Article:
Your free myERCO account allows you to mark items, create product lists for your projects and request quotes. You also have continuous access to all ERCO media in the download area.


You have collected articles in your watchlist

Technical environment

Technical environment

Global standard 220V-240V/50Hz-60Hz
Standard for USA/Canada 120V/60Hz, 277V/60Hz
  • 中文

Our contents are shown to you in English. Product data is displayed for a technical region using USA/Canada 120V/60Hz, 277V/50Hz-60Hz.

Light and life in space

Light and life in space

ERCO and the photographer Iwan Baan have started to collaborate for the first time, documenting the Louvre-Lens. Baan’s documentary photography of architecture characterised by the portrayal of people made him an international shooting star of architectural photography. His style ties in with the consistent approach of the “Light Factory”. We look back on the development of this visual language – and its influence on our storytelling of tomorrow.

Outstanding architecture and great works of art become the backdrop for normal people who take over such spaces spontaneously. This is how architectural photographer Iwan Baan sees the new Louvre Lens – masterminded by SANAA Architects – in ERCO light. His narrative approach to photography disregards the paradigms of typical architectural photography that had become established in the latter half of the 20th century. Influenced by paragons such as Julius Shulman or Ezra Stoller, architectural photography generally delivered geometrical, often symmetrical, wide angled views with a rigid, carefully rectified perspective. It abstracted, stylised and, as a result, created distance between structure and observer. People were, at best, a decorative accessory, not an emancipated user or, better still, an interpreter of architecture. This dogma, from a technical aspect, was represented by the large format camera mounted on a heavy tripod.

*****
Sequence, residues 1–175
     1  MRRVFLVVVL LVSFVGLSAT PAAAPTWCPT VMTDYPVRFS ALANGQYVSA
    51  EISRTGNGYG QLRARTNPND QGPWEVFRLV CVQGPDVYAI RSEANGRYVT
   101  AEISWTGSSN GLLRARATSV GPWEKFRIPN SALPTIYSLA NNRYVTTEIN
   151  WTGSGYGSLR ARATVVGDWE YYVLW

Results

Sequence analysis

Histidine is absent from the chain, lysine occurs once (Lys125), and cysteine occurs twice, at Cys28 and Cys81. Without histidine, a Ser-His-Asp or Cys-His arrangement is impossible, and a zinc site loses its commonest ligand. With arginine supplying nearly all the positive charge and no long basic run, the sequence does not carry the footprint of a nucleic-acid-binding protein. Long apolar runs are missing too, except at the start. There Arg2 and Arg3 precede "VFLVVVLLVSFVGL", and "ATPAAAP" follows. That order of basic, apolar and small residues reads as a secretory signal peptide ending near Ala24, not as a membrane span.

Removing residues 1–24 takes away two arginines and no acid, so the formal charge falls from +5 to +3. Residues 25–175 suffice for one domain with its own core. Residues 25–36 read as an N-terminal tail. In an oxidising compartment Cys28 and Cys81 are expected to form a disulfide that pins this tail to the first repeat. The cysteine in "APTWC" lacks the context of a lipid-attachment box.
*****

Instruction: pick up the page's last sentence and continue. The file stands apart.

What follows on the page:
Light and life in space
Light and life in space

Guggenheim Museum, Bilbao, 1997. Photographer: Thomas Mayer.